Program Slideshow (PPTX, 3.5 MB)

Coastal Carolina University
LIFE™ Program
Learning Is For Everyone!
What is LIFE™?
• A tuition-based post-secondary
education program for young adults
who have mild to moderate
intellectual disabilities.
• Cohort structured program
– Accepts 6 to 8 students each year during
Fall semester only
Who should apply?
• 18-24 year olds
• Identified as having a mild intellectual
• Have exited high school with a
certificate or non-standard diploma
• Independently exhibit a desire and
motivation to complete a postsecondary program
Admissions Criteria
• Applicants must…
– Demonstrate an interest and desire to
pursue educational, employment, and life
experiences through post-secondary
– Participate in a writing sample, with
appropriate accommodations
– Be willing to participate in research and
promotional activities for LIFE™
– Provide three letters of recommendation
Program Structure
• Program course of study will be designed to duplicate
a typical college schedule
• Each student will participate in academics, work
experiences, and campus activities based on
individual interests and abilities
• Each student will be entitled to a 504 plan
to ensure appropriate support and
accommodations / modifications
• “Cruising Coastal” checklist allows for
various levels of independence across campus
• Four-year program
• Fully inclusive model with academic and
social support
• Dual enrollment option
• Residence Life option
• Includes a plan to transition to apartment
• Interagency and community collaboration
• Internships and other work experiences
• Supportive environment and campus culture
• LIFE™ program and Career Services
evaluation and career counseling
• Basic academic skills needed for employment
• Extracurricular activities and opportunities for
socialization with age-appropriate peers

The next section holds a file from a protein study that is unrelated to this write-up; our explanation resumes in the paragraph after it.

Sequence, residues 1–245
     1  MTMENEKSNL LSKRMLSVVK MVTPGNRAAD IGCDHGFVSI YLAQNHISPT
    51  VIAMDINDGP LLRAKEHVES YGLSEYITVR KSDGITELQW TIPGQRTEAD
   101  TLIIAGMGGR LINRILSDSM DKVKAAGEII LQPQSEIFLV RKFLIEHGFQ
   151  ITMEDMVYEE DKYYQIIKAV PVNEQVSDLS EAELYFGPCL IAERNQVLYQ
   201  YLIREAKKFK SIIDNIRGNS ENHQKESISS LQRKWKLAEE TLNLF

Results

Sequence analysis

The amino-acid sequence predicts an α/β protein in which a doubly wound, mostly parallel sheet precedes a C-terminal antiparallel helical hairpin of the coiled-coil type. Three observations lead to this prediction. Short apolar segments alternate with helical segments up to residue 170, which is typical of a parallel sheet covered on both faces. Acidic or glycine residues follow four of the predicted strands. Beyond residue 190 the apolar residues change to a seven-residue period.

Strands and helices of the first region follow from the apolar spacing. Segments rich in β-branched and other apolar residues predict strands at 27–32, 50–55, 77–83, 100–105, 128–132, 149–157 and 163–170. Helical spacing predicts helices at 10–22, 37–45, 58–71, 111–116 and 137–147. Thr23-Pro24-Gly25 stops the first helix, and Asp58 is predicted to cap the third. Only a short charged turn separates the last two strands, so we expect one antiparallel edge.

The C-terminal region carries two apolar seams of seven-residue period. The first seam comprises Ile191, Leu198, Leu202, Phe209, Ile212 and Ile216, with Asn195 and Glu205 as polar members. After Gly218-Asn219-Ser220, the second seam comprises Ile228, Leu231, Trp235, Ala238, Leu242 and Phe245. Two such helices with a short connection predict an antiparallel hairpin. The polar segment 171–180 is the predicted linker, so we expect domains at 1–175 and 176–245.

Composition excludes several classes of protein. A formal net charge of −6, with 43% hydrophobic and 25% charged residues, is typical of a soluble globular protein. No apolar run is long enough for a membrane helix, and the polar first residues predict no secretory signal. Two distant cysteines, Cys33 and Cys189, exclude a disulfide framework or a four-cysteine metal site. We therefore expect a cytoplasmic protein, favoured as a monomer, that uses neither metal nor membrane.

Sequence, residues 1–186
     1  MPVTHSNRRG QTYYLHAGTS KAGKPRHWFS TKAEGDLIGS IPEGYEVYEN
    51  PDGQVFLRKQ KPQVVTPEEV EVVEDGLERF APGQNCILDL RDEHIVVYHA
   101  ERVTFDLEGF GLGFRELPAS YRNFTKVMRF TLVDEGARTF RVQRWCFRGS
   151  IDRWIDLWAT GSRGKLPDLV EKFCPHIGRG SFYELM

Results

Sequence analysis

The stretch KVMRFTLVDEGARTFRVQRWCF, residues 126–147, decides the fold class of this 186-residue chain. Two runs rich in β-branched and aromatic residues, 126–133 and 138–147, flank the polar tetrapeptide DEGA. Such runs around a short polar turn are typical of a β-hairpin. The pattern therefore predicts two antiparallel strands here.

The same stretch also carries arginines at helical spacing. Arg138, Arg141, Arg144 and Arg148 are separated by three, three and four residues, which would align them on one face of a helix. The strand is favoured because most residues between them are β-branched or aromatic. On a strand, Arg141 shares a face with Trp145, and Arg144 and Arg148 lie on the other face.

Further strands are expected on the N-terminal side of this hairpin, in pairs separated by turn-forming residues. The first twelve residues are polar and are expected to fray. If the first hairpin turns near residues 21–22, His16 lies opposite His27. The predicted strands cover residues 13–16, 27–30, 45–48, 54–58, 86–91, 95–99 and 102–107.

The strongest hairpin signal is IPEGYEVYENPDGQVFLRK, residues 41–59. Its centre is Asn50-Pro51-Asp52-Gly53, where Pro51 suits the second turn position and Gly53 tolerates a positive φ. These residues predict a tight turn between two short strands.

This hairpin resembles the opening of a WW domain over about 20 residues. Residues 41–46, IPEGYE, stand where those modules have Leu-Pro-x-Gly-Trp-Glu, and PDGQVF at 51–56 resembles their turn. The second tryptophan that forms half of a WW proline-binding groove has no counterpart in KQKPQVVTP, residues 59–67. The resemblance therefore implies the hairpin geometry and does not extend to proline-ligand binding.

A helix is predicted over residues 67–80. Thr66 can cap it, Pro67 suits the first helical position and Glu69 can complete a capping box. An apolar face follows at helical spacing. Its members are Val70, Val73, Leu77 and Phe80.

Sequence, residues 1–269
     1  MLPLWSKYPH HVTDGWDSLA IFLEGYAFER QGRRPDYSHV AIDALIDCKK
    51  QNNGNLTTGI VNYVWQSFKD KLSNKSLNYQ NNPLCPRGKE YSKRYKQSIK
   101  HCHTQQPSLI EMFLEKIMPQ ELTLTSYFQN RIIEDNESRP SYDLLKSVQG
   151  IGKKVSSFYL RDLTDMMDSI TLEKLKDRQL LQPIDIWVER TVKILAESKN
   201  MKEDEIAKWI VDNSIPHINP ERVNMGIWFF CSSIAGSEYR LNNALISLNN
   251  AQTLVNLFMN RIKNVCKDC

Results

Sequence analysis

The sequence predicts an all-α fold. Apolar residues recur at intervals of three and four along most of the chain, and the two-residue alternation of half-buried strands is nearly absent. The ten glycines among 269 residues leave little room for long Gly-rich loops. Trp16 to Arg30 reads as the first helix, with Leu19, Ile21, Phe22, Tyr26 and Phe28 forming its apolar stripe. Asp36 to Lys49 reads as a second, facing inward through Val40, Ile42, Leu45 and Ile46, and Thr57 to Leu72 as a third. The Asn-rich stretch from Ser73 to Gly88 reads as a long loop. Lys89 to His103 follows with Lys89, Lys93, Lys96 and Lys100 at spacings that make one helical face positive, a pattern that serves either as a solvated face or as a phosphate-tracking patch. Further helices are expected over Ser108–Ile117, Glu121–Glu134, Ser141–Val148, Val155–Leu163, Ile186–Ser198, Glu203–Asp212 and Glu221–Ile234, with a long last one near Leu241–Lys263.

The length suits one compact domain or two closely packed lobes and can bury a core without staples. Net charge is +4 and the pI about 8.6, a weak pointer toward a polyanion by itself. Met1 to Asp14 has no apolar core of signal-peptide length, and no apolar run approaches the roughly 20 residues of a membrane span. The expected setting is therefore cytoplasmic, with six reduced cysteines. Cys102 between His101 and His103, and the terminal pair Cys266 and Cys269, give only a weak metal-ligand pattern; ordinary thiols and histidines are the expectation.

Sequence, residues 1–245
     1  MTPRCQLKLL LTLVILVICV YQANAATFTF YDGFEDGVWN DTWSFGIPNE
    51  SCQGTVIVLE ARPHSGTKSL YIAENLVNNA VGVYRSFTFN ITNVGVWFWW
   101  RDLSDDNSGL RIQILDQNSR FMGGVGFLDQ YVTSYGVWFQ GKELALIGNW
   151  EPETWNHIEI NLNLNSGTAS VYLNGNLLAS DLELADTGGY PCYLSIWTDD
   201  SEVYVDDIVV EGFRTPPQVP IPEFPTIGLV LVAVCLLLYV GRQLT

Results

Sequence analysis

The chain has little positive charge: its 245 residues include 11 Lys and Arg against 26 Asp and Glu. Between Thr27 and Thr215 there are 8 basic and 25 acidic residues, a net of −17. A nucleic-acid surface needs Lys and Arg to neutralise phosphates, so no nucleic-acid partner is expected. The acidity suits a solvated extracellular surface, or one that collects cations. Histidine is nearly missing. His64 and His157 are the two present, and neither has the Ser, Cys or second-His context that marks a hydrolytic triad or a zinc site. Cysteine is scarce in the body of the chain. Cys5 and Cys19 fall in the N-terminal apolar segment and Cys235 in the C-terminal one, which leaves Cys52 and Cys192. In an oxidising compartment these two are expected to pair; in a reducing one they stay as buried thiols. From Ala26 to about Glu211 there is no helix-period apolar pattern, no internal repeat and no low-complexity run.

• Community experiences
• Builds self-advocacy, independence, and
LIFE™ Program of Study
• Specific program requirements (LIFE™
core courses)
• Individualized according to student need
and career interest
• Full inclusion model with support and
multiple internship opportunities
Freshman Year
Semester 1: 12 Credits
Semester 2: 12 Credits
Career Awareness and Foundations
Career Awareness (Job Shadowing)
Independent Living and Social
Developmental Course (3)
Independent Living and Social
Development Course (3)
UNIV 110 First Year Experience (FYE)
UNIV 150 Career Exploration (3)
Elective Course of Student’s Choice
Elective Course of Student’s Choice
Mandatory Academic Support and
Tutoring Lab– Not for Credit
Mandatory Academic Support and
Tutoring Lab – Not for Credit
Sophomore Year
Semester 3: 12-15 Credits
Semester 4: 12-15 Credits
Career Apprenticeship (Internship on
Campus) (3)
Career Apprenticeship (Internship on
Campus) (3)
Independent Living and Social
Development Course (3)
Independent Living and Social
Development Course (3)
COMM 101 Introduction to
Communication (3)
Major Academic Required Course (3)
HPRO 121 Personal and Community
Health (3)
Major Academic Required Course(3)
Optional Elective Course of Student’s
Choice (3)
Optional Elective Course of Student’s
Choice (3)
Junior Year
Semester 5: 12-15 Credits
Semester 6: 12-15 Credits
Career Apprenticeship (Internship, on
or off campus) (3-6)
Career Apprenticeship (Internship, on
or off campus) (3-6)
Independent Living and Social
Development Course
(recommended) (3)
Major Academic Required Course(3)
Independent Living and Social
Development Course
(recommended) (3)
Major Academic Required Course(3)